The hobby “started at a time when I was feeling really stressed,” Ho said. “I read online that gardening is good for the soul — relaxation and all that stuff. Singapore is such an urban jungle so I think there is a very conscious decision to go back to nature, even if it’s a tiny piece. It’s this kind of deliberate activity that makes you slow down and focus on something outside of yourself. Maybe, at this point, more and more people are trying to find meaning outside of the rat race.”
Philosophical reasons aside, the actor admitted he’s “greedy”. “I just wait for it to sprout so I can eat it,” he deadpanned. “I don’t like growing decorative plants. I want to grow plants I can actually use for cooking, whether it’s herbs or vegetables or fruiting plants. Since I’m going to look after them, I might as well get something out of it!”
Take a leaf out of Farmer Ho’s notes who said the biggest harvests come from nature’s accidents, so don’t be afraid to stake it all on one seed.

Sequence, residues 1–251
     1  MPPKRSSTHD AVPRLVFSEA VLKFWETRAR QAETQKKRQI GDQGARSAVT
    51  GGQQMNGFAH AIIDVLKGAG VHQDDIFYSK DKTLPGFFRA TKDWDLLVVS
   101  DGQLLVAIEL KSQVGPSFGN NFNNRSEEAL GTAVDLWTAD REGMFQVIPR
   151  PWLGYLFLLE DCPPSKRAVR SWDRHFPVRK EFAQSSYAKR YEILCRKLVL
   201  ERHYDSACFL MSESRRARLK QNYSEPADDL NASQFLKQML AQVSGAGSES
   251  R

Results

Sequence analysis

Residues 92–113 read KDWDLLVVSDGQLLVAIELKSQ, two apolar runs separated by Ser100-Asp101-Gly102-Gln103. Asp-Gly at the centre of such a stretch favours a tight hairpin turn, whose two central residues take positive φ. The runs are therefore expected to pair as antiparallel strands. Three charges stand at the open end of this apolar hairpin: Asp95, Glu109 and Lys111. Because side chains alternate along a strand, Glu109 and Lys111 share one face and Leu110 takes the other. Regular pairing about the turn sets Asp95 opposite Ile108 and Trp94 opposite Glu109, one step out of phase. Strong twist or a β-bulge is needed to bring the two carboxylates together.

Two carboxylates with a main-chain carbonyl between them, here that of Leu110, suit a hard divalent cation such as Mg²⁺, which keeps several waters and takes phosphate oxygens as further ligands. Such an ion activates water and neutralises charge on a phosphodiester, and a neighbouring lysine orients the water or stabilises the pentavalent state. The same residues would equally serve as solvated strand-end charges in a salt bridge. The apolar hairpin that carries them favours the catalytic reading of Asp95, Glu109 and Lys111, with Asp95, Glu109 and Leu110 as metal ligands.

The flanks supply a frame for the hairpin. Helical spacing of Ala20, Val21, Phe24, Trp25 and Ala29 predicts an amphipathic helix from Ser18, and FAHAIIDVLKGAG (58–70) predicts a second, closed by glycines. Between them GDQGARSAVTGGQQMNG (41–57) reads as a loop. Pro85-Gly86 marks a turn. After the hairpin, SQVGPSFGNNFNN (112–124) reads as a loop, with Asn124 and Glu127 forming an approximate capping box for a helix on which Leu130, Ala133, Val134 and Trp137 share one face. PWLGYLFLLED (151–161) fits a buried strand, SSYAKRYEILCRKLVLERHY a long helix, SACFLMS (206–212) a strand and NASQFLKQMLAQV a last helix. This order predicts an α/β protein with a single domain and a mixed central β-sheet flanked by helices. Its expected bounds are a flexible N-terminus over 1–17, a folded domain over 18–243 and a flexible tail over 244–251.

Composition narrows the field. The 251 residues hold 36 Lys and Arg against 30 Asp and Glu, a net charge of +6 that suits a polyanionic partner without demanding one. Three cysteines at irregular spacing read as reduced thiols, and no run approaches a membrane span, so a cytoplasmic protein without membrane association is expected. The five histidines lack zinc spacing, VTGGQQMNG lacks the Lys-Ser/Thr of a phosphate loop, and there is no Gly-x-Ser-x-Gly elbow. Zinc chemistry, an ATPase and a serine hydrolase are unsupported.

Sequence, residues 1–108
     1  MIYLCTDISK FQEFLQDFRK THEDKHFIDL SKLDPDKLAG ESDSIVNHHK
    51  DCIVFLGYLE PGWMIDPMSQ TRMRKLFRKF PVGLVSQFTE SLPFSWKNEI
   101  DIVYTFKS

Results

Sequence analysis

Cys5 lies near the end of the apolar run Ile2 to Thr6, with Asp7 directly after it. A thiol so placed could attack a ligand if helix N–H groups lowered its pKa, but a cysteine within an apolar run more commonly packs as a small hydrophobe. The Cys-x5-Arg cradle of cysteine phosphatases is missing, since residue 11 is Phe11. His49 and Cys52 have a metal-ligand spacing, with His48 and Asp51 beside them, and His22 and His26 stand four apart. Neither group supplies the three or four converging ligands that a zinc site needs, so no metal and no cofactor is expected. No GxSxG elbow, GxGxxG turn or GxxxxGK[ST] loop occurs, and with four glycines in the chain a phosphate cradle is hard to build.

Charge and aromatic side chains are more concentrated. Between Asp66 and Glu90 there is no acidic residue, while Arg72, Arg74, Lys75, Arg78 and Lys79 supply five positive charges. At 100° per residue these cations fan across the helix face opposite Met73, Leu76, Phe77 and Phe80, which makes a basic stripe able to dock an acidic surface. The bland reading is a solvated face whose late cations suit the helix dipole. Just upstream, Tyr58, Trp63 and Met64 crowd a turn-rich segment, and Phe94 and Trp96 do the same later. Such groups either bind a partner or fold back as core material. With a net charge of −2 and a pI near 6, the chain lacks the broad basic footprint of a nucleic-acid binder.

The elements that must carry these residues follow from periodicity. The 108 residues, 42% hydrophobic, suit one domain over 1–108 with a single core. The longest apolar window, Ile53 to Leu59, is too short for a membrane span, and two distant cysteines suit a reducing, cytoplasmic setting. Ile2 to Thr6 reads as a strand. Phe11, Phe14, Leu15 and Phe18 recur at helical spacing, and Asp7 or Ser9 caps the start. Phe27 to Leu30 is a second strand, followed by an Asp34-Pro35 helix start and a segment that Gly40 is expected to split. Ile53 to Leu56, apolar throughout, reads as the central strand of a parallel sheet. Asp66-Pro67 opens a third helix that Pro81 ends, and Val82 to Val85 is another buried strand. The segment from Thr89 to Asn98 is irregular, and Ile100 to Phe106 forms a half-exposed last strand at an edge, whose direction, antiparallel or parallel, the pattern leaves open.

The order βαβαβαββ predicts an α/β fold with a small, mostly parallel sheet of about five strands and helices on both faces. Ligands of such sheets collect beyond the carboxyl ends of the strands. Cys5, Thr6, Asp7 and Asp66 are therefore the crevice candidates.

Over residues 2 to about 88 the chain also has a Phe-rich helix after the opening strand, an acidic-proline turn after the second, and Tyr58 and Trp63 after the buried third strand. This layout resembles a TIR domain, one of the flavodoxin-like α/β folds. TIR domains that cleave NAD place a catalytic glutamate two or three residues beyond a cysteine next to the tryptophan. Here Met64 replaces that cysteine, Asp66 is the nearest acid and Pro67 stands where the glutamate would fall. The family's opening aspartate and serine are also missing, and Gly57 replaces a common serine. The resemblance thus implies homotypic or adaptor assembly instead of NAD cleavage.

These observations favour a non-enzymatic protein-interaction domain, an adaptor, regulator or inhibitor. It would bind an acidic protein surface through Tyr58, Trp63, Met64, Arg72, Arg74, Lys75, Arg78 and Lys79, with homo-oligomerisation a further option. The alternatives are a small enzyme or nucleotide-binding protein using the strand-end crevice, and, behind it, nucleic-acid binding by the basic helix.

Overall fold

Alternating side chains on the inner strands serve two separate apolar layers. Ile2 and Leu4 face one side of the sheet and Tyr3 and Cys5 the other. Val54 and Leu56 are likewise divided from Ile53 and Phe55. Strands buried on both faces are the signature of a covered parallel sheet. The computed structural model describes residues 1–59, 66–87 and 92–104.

“I have had the most luck with cherry tomato seeds, and it was completely random,” he recounted. “I was trying to grow basil, so every day, I’d go and check on my basil plant and see how fast it was growing. One morning, I was eating cherry tomatoes. There was a seed stuck in my tooth. So I was like, ‘Ah, I’m going to throw it in’. And it sprouted! I got two batches of cherry tomatoes. It wasn’t a lot — the first batch yielded one or two and the second about five — but for me, it was a huge accomplishment.”